A review of Ensign’s and Sen. Coburn’s travel records, undertaken with researcher Chris Rodda of the Military Religious Freedom Foundation, reveals an even more disturbing overlap of the pious and the political. On at least three occasions in recent years, Sen. Ensign traveled to Asia and the Middle East on what he described as official policy trips, paid for entirely by the International Foundation, one of the network of little-known nonprofits that make up the Family. Sen. Coburn, meanwhile, traveled to Beirut in 2005 on the Family’s dime, with the explicit mission of setting up Lebanese political prayer groups, just like the one that covered for Ensign. The following year, Coburn humbled himself in prayer at a special Family event in the British Virgin Islands, a Christian mission of earthly rewards also undertaken, at Family expense, by fellow C Streeter Rep. Mike Doyle, D-Penn., who also sacrificed himself for God with a Family-paid trip to Aruba.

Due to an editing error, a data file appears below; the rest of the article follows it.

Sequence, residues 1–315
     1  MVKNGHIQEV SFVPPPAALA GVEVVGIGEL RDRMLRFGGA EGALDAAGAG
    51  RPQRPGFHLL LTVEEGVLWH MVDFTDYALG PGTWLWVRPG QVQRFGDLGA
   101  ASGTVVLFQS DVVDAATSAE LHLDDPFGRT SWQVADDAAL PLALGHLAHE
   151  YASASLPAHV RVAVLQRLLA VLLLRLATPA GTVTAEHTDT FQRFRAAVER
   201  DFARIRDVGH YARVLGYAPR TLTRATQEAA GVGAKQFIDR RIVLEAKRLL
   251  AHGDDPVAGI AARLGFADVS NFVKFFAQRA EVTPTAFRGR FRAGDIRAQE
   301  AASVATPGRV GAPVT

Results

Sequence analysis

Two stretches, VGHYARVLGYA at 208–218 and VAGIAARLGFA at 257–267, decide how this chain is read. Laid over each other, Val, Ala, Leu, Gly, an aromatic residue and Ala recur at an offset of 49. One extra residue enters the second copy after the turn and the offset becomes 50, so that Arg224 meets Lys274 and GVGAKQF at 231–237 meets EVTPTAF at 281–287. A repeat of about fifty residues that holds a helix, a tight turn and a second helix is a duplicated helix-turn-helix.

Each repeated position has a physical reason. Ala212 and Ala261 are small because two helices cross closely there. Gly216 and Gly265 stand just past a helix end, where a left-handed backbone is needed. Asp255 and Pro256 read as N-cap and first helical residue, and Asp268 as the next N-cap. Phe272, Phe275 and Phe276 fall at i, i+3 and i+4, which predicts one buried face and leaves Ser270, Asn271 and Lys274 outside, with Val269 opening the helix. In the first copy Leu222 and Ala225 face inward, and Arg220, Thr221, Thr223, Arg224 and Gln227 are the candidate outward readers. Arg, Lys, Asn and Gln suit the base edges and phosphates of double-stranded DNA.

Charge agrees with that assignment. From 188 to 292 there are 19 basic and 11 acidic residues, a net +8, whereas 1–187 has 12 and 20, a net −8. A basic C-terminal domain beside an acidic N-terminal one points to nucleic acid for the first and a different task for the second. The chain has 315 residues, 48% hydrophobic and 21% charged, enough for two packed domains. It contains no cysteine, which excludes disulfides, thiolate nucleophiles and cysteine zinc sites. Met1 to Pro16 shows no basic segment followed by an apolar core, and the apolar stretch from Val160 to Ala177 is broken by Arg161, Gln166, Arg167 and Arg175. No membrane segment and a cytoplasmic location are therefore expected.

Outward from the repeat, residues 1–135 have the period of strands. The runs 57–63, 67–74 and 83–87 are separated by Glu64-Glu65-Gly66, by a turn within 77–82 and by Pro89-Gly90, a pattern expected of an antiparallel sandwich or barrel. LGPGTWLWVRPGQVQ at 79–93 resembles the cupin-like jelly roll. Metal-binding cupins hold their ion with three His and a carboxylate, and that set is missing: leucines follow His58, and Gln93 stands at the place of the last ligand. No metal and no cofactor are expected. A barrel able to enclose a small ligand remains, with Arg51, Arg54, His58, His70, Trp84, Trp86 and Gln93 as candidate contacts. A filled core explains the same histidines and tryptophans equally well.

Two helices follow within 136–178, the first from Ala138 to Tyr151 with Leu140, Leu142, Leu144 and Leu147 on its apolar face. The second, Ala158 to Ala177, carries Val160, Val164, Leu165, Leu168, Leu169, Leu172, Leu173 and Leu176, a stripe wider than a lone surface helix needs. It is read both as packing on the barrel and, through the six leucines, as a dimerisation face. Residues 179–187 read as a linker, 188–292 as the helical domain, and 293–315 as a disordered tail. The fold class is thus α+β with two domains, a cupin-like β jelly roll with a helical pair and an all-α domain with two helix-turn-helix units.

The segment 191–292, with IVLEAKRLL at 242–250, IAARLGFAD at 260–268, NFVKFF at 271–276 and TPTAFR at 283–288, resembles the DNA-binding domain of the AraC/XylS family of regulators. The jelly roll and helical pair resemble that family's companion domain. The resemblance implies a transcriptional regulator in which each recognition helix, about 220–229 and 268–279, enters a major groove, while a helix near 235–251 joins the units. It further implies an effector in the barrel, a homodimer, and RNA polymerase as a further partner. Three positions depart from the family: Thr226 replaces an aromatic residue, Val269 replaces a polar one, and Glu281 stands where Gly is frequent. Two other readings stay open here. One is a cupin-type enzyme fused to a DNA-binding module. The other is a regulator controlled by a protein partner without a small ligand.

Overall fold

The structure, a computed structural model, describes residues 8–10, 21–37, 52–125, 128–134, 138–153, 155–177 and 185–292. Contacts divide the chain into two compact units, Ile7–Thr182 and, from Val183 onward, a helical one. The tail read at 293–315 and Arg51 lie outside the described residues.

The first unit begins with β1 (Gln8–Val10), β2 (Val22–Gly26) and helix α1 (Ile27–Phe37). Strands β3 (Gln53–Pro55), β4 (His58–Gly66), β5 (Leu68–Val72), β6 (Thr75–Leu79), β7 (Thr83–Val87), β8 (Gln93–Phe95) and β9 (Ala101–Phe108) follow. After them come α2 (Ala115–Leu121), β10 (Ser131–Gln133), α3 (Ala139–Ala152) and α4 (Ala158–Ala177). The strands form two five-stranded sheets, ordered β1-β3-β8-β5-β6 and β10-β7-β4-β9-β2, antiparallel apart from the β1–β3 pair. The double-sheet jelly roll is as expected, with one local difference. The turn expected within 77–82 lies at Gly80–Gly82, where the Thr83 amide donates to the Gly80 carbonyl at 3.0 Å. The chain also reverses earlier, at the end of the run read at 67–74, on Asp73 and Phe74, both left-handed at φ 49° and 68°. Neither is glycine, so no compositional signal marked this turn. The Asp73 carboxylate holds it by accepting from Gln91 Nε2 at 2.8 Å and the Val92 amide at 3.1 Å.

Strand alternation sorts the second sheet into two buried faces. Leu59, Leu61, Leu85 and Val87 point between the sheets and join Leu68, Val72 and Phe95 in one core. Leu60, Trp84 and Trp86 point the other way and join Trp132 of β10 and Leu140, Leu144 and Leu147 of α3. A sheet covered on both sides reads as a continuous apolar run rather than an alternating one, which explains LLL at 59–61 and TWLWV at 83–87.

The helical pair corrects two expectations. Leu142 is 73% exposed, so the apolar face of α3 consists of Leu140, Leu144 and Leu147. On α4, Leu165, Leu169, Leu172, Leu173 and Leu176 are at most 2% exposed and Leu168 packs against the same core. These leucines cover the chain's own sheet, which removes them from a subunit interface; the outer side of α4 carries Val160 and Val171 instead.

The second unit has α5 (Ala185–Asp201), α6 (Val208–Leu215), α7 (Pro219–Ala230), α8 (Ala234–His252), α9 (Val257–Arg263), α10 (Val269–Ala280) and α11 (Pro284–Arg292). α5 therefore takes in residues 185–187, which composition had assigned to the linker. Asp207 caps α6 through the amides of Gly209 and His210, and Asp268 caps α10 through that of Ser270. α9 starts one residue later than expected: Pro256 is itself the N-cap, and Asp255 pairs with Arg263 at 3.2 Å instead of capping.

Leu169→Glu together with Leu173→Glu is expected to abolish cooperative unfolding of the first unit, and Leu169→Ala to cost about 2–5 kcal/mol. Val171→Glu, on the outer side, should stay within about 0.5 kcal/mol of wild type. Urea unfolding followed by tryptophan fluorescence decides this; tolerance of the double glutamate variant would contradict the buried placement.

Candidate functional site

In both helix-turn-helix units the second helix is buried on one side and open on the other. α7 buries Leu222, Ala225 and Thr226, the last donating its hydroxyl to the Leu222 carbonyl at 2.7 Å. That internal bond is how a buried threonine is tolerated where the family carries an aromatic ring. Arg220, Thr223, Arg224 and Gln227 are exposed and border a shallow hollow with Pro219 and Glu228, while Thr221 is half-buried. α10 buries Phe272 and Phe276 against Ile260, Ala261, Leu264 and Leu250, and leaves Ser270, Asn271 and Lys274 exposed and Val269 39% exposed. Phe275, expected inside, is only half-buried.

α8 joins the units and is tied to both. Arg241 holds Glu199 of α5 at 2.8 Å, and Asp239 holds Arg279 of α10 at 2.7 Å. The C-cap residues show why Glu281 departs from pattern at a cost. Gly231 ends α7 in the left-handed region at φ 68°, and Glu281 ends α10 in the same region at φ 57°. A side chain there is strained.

To be fair, most of the trips sponsored by the Family aren’t pleasure junkets. They’re missionary work. Only the Family missionaries aren’t representing the United States. They’re representing “Jesus plus nothing,” as Doug Coe puts it, the “totalitarianism of God,” in the words of an early Family leader, a vision that encompasses not just social issues but also the kind of free-market fundamentalism that is the real object of devotion for Ensign, Coburn, Pickering, Wamp and Sanford, along with Family insiders such as Sens. DeMint, Sam Brownback and Chuck Grassley. At the heart of the Family’s spiritual advice for its proxies in Congress is the conviction that the market’s invisible hand represents the guidance of God, and that God wants his “new chosen” to look out for one another.